Cornell hockey legend and six-time Stanley Cup champion Ken Dryden ’69 lost his seat in the Canadian Parliament on Monday after serving York Centre, a district that includes parts of Toronto, for three terms as a member of the Canadian Liberal Party. Dryden was defeated by Mark Adler, a member of Canada’s Conservative Party, who won the historically liberal district by a 14 percent margin.
Dryden said he was not sure what he would do in the aftermath of the election but was grateful for having the opportunity to serve.
“I got into politics seven years ago to try to do something useful,” Dryden told The Toronto Star Tuesday. “I hope to do something useful next.”
While it is unclear what he will do next, Dryden has already accomplished much, inspiring a generation of Cornellians with his achievements on and off the ice.
Amanda Mazzotta ’12, the goalie for the women’s hockey team, called Dryden the perfect example of a student-athlete.
“For females, specifically, it’s cool to see [what Dryden has accomplished], since we don’t have the NHL like the guys do — for most male hockey players playing college hockey, the next goal is to play pro,” she said. “We don’t have that option to make a living playing pro hockey, so the academic part and doing something great in our lives is important, and seeing Ken Dryden being successful doing something other than hockey is important.”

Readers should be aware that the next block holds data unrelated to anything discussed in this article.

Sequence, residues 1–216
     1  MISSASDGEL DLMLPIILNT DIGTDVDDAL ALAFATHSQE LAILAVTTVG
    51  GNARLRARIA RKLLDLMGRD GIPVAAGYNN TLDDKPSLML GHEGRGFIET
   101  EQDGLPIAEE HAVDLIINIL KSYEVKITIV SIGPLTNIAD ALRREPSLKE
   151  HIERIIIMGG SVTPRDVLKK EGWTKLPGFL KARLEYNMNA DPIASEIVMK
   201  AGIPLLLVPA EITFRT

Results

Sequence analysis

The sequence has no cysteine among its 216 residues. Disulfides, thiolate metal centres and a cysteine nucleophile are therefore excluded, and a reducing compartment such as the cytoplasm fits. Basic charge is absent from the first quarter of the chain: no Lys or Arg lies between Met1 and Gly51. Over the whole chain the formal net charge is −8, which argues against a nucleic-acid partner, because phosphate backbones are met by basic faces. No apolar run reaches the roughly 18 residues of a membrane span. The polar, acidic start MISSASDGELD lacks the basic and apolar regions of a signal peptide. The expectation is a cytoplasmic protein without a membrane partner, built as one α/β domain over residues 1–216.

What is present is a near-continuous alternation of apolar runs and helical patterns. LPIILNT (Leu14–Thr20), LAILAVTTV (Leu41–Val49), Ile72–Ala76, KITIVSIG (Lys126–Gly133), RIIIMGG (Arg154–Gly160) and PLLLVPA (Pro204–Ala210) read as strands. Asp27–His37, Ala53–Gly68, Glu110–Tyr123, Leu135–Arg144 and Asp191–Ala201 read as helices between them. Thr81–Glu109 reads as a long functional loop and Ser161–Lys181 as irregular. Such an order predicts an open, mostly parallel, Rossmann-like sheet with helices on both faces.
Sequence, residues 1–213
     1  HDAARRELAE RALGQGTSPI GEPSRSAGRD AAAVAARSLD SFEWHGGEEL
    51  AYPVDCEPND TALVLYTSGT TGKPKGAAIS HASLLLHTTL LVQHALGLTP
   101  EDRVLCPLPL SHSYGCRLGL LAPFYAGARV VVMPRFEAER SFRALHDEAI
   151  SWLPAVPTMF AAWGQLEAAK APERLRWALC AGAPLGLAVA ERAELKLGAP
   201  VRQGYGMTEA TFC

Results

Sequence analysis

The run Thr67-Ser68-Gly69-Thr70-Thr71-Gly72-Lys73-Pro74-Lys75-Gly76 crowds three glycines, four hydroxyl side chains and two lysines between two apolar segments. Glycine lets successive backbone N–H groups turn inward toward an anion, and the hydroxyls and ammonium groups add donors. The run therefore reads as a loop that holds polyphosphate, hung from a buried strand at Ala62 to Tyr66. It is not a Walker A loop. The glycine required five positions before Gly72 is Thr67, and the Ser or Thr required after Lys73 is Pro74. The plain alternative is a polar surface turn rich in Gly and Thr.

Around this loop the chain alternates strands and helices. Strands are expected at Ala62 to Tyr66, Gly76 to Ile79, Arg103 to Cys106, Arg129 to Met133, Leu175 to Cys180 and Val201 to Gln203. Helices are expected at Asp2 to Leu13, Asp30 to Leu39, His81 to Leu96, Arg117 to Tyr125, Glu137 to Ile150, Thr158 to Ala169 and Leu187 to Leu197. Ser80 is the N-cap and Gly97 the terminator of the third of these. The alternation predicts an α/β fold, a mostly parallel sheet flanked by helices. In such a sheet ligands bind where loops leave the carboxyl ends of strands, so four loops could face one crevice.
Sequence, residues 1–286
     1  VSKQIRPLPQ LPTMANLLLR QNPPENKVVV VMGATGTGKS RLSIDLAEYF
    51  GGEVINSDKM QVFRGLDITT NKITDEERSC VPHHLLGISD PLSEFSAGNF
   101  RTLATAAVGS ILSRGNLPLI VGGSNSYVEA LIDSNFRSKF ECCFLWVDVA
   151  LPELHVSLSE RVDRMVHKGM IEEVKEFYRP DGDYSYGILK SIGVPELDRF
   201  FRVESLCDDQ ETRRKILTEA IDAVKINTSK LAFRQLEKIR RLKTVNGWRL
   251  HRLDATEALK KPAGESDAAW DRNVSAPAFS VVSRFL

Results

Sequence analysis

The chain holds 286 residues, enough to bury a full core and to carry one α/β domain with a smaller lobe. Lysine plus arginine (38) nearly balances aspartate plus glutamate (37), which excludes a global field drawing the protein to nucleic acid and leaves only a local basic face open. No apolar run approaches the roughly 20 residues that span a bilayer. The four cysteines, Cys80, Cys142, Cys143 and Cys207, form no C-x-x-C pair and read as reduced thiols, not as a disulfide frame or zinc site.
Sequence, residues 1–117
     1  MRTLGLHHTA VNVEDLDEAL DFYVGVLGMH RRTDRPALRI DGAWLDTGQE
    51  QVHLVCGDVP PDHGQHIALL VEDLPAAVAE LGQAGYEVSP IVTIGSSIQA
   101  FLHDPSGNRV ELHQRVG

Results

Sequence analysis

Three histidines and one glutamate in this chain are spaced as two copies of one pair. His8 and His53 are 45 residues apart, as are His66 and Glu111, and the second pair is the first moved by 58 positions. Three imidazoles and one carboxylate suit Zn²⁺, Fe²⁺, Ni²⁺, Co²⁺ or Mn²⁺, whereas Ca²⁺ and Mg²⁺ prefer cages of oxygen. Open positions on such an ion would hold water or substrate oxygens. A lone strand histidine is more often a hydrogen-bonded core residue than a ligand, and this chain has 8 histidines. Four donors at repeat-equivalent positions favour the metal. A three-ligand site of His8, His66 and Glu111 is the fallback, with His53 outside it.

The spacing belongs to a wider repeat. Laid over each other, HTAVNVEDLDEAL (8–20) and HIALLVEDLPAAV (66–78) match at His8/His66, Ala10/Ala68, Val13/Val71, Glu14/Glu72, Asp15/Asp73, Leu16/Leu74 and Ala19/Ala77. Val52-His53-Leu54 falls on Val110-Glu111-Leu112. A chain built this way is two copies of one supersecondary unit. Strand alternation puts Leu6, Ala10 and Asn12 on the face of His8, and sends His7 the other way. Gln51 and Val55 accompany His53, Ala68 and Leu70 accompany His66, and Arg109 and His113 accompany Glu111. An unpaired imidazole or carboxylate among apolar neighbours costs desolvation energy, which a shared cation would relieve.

Andy Iles ’14, goaltender of the men’s hockey team, agreed.
“I think that he went on to have unbelievable success that is almost impossible to mimic,” Iles said. “He set the standard to aspire to have success like him. Recently, and in hockey history, there’s been that kind of pattern that each player is trying to accomplish the same success as the one before him.”
In addition to serving in parliament, Dryden, who majored in history at Cornell, also worked as a lawyer and penned an autobiography. His reputation as a great goalie — Dryden carried Cornell to three consecutive ECAC Hockey championships — is not what he is may be most remember for by Cornellians, said Doug Derraugh ’91, head coach of the women’s hockey team.
“There are great athletes here who have gone on to do great things that are unrelated to ice hockey,” Derraugh said. “That’s what the Cornell University experience is about — developing as a person so that you can succeed when you venture to leave Cornell.”
Prof. David Holmberg ’70, anthropology, who spent his time at Cornell while Dryden was playing, agreed.
“I suppose in reflection, the things I have come to respect most in Ken Dryden are that he is precisely the model of the student-athlete,” Holmberg said. “Yes, he went on to play brilliantly for Montreal, but he finished his degree and when he retired from the NHL he could go on to a legal and political career. I hope today’s players follow his example and finish up their studies before going to the pros.”
Original Author: Lauren Ritter